The 2017 general election was called to strengthen the prime minister’s negotiating authority with our continental allies and friends in the discussions on Brexit. This, all sides agreed, was the Brexit Election. We would spend seven – more – weeks talking about “when, not if”, “it’s a process not an event”, “they need us more than we need them”, Remainers, Remoaners, and who is the most bloody difficult person of them all. Seven weeks when we could all, yet again, rehearse and rehash the pro- and anti- EU arguments that have in one way or another dominated British politics for most of my lifetime.

At least that is what the political class had determined and generally gave their assent to when MPs came together to agree the prime minister’s request for a dissolution of Parliament. It was all very comfortable and neat. It suited all sides very well, and more or less everyone in Westminster went off to their constituencies in a very jolly mood. But events, as Harold Macmillan famously noted, have a habit of upending the best laid plans.

Even before the appalling events in Manchester this week, voters were showing every sign of being bored by an election about Brexit. Britain has voted and made up its mind about that. All the evidence suggests Britain has also made up its mind about who is best placed to deliver Brexit. This was an election where voters were politely watching the political parties do their stuff, but frankly what they were doing was not really impinging a great deal on the more pressing business of their day-to-day lives. Partly as a result of this, boredom the Conservative manifesto launch gathered more attention than perhaps it deserved, and a certain level of turbulence has ensued, the impact of which will only become fully apparent over time. However, what is clear is that the events in Manchester have completely recast the 2017 general election and will overshadow the coming Parliament.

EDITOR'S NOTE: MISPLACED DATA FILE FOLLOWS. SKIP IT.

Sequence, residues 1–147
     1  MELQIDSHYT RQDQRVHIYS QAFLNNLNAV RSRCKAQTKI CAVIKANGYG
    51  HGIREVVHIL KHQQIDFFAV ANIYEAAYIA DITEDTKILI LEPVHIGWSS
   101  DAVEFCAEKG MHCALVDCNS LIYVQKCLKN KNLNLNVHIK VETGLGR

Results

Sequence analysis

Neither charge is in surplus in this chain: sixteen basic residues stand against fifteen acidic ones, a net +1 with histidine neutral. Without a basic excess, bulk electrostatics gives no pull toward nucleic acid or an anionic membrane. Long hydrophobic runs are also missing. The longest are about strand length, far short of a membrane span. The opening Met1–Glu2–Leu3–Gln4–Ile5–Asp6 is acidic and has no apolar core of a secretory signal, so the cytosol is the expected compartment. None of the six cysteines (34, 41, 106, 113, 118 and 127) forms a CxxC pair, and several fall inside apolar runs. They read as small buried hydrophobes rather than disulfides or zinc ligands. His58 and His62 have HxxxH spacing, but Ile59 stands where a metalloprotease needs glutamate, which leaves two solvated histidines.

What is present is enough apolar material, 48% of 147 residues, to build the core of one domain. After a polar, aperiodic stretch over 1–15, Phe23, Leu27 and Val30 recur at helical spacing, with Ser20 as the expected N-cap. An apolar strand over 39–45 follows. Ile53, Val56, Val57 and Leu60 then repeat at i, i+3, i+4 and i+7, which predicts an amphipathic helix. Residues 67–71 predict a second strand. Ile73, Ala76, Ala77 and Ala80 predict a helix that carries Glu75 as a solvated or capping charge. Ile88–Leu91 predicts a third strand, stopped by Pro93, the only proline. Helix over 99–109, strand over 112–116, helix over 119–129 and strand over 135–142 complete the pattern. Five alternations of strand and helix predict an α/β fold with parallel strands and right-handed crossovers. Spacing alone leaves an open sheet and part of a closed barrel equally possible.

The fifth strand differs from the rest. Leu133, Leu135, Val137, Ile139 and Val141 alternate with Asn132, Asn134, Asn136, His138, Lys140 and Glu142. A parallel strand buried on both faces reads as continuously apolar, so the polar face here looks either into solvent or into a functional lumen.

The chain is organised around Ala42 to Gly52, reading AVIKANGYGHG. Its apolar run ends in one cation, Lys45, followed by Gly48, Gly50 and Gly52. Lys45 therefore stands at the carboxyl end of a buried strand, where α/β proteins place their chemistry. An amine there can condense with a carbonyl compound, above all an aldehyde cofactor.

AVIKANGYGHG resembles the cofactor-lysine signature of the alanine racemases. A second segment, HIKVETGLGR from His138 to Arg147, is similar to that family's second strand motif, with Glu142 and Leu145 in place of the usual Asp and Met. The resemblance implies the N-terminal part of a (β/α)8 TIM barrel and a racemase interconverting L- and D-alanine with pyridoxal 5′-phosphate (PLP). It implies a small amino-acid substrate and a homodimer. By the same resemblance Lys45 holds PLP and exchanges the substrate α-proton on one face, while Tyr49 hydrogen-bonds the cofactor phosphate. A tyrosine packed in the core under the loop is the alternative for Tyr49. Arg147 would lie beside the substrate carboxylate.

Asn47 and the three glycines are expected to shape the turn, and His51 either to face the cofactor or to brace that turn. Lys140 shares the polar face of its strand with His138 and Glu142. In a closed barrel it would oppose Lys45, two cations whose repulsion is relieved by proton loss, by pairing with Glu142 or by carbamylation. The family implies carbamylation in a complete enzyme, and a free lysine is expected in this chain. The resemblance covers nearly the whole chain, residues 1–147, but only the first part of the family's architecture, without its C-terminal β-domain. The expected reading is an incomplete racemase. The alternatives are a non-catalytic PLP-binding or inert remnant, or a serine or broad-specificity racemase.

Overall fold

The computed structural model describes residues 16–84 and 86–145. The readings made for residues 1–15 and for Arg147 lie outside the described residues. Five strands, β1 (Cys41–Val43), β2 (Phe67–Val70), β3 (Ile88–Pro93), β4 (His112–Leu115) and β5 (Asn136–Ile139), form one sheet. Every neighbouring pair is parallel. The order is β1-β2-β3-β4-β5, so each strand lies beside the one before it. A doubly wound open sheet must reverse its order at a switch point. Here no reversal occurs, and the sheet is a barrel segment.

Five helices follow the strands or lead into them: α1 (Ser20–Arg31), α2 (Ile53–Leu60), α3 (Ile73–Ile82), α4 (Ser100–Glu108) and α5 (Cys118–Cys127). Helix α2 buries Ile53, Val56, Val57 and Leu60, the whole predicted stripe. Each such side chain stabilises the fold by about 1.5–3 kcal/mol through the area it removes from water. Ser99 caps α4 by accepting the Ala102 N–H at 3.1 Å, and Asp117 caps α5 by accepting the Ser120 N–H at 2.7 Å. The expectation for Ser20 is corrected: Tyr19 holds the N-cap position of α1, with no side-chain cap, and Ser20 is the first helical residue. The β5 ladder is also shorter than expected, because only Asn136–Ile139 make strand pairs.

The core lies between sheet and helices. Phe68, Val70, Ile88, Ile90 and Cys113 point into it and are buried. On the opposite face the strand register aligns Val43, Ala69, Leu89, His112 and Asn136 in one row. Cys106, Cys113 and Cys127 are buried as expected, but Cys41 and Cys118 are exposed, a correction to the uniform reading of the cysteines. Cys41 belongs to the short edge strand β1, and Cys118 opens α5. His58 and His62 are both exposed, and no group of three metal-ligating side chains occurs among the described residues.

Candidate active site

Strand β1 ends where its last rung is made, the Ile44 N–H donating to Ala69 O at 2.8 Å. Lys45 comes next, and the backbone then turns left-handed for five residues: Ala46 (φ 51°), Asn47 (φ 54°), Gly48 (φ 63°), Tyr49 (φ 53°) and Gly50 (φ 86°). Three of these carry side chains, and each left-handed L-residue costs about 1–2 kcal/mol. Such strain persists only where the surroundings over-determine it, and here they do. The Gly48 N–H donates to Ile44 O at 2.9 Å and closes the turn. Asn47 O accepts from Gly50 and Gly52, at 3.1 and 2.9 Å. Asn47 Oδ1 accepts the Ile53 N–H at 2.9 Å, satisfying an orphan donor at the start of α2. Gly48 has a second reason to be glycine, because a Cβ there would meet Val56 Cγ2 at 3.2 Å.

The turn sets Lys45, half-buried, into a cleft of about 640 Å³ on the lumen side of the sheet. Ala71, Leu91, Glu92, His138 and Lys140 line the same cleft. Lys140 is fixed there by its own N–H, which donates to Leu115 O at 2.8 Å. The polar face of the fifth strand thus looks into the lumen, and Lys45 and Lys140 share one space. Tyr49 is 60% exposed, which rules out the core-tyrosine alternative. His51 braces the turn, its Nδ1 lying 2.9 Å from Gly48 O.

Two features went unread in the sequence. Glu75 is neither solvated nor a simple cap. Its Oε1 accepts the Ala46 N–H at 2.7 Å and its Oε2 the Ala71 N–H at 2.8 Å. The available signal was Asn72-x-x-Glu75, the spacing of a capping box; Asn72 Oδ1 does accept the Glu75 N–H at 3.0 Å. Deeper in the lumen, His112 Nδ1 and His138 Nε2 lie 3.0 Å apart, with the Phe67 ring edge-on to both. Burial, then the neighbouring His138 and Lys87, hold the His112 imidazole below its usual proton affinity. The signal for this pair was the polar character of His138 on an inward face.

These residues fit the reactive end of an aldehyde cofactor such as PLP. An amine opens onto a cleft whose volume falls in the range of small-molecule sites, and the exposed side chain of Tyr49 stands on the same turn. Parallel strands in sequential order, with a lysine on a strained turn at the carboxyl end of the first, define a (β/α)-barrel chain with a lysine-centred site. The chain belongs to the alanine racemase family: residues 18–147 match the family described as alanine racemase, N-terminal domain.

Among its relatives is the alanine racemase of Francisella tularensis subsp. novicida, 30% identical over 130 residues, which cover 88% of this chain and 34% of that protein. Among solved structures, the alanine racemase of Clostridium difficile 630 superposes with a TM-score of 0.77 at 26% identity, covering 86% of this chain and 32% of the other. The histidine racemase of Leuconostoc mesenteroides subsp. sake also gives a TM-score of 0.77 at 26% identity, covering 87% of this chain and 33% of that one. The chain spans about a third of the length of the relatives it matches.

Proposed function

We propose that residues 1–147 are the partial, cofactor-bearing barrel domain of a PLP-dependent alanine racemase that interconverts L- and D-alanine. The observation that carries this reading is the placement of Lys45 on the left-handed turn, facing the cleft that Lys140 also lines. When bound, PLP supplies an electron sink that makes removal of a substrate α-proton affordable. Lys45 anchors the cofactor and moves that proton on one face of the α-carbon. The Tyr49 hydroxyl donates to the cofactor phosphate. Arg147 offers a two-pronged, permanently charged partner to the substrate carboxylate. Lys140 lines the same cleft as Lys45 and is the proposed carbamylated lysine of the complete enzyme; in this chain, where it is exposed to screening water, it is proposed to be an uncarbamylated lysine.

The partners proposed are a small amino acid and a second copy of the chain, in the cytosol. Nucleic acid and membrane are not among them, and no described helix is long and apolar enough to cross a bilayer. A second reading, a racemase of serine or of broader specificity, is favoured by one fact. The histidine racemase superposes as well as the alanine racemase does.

The rest of this campaign, spoken or unspoken, will be about who is best placed to keep the homeland safe. This is the first duty of government, to protect its citizens, regardless of cost and sensitive to the need to strike the fine balance between security and freedom, safety and liberty, privacy and public accountability. This debate goes to the heart of what sort of society we are, and what sort of society do we aspire to be: shared values, a shared purpose and not a nation of fragmented communities and divided cultures.

This general election is now about values and vision. It is more, much more than simply about who is the best negotiator. As a nation we need to raise our heads and stop being so consumed with our relationship with Europe. This will be dealt with. We have allowed ourselves and our politics to become, for far too long, absorbed in the European issue, at the expense of proper consideration of other issues.

The task before us now is of a far greater importance than simply negotiating a trade deal. It is about how we re-energise and re-fashion our shared British values, drawing on our history and tradition, to recast and pull together a society in which we are all involved, but too many feel they have no share in. A vision of a newly confident Britain, proud of its history and strong in its sense of purpose and value – that is what the rest of the 2017 general election campaign should be about.